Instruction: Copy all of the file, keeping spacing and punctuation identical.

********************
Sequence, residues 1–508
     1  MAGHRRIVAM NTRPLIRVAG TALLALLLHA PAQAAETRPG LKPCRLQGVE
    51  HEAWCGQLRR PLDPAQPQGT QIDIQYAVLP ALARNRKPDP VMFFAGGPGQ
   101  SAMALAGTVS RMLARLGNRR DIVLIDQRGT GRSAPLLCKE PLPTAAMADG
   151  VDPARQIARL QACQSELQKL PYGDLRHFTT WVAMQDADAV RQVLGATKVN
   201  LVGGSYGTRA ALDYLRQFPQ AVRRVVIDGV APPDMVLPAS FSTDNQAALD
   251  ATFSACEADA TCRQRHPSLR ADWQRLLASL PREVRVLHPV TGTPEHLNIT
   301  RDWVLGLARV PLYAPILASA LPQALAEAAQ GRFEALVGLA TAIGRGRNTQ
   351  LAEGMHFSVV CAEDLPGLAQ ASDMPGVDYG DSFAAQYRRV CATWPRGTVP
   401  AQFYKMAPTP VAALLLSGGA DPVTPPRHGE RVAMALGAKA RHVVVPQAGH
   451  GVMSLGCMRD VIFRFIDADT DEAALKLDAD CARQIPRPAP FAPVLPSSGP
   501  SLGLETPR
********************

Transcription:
Sequence, residues 1–508
     1  MAGHRRIVAM NTRPLIRVAG TALLALLLHA PAQAAETRPG LKPCRLQGVE
    51  HEAWCGQLRR PLDPAQPQGT QIDIQYAVLP ALARNRKPDP VMFFAGGPGQ
   101  SAMALAGTVS RMLARLGNRR DIVLIDQRGT GRSAPLLCKE PLPTAAMADG
   151  VDPARQIARL QACQSELQKL PYGDLRHFTT WVAMQDADAV RQVLGATKVN
   201  LVGGSYGTRA ALDYLRQFPQ AVRRVVIDGV APPDMVLPAS FSTDNQAALD
   251  ATFSACEADA TCRQRHPSLR ADWQRLLASL PREVRVLHPV TGTPEHLNIT
   301  RDWVLGLARV PLYAPILASA LPQALAEAAQ GRFEALVGLA TAIGRGRNTQ
   351  LAEGMHFSVV CAEDLPGLAQ ASDMPGVDYG DSFAAQYRRV CATWPRGTVP
   401  AQFYKMAPTP VAALLLSGGA DPVTPPRHGE RVAMALGAKA RHVVVPQAGH
   451  GVMSLGCMRD VIFRFIDADT DEAALKLDAD CARQIPRPAP FAPVLPSSGP
   501  SLGLETPR